Kevin McMahon

Chicago based mobile developer.

Retargeting Visual Studio project files with PowerShell

I originally set out to write this post a little over a year ago. Back then I threw together a script to retarget all the project files from .Net 2.0 to .Net 3.5 for my previous company and recently I found myself having to a similar upgrade from .Net 3.5 to 4.0. I ended up using the same script again so I figured I'd go ahead and publish it.

The upgrade process done by Visual Studio on your current projects and solutions will only migrate the file format to the newest schema and will not retarget the framework to the latest version. That is where the script I've included below comes in. It will retarget all the C# project files found under the path provided to version 4.0 of the .Net framework.

C# project files are XML based and navigating the DOM with Linq to XML is a cinch but there are a couple small but important steps that the script needed to include. First, you need to append the namespace to the individual element names or else the elements will not be able to be found. Second, when saving the modified XDocument, a XmlWriterSetting instance needs to be instantiated and the OmitXmlDeclaration property set to true. Setting this property to true will make sure the XML that we save will be considered a valid project file by Visual Studio.

I've included the full script below as well as created a gist that can be found here. It is important to note that this script will edit all the csproj files found under the directory specified in the path variable. Make sure you backup these files or have them under source control prior to running the script. Enjoy.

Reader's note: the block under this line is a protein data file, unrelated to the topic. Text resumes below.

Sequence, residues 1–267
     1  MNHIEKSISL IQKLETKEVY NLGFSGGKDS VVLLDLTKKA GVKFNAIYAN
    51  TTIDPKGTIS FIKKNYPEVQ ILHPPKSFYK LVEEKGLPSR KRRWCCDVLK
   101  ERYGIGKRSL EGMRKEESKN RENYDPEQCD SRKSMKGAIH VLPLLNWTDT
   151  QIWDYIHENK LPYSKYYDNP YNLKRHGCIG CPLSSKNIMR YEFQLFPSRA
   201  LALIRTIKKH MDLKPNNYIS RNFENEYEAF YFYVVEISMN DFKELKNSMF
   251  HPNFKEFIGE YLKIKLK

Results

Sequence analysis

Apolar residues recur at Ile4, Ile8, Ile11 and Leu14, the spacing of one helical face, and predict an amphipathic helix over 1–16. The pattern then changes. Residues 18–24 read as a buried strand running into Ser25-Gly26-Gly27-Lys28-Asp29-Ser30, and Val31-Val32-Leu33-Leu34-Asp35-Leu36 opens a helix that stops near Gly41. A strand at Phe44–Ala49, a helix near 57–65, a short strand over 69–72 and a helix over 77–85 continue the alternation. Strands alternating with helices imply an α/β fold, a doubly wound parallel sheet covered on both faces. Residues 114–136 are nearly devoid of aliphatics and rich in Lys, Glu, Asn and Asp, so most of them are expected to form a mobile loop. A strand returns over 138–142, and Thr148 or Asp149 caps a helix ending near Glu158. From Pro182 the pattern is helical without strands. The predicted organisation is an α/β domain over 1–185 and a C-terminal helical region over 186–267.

UPDATE: Added change suggested in comments by Jeffery Snover

[Reflection.Assembly]::LoadWithPartialName("System.Xml.Linq") | Out-Null#specify the root of your source tree below$path = "C:\Code\chatsworth"$ns = "http://schemas.microsoft.com/developer/msbuild/2003"$xname = [System.Xml.Linq.XName]::Get("PropertyGroup",$ns)$tfname = [System.Xml.Linq.XName]::Get("TargetFrameworkVersion",$ns)    $xws = New-Object System.Xml.XmlWriterSettings$xws.OmitXmlDeclaration = $true$xws.Indent = $truefunction updatefx($filename){    #Write-Host $filename    $xml = [System.Xml.Linq.XDocument]::Load($filename)         $result = $xml.Descendants($xname)        foreach ($i in $result)    {        $fxelem = $i.Element($tfname)        if($fxelem)        {            $i.SetElementValue($tfname,"v4.0")        }    }    $xw = [System.Xml.XmlWriter]::Create($filename, $xws)    $xml.Save($xw)    $xw.Close()}$csprojs = Get-ChildItem $path *.csproj -Recurseforeach ($file in $csprojs){    updatefx $file.FullName}

Tagged: powershell / linq / gist / development / legacy code / visual studio / build / script / dotnet / powershell

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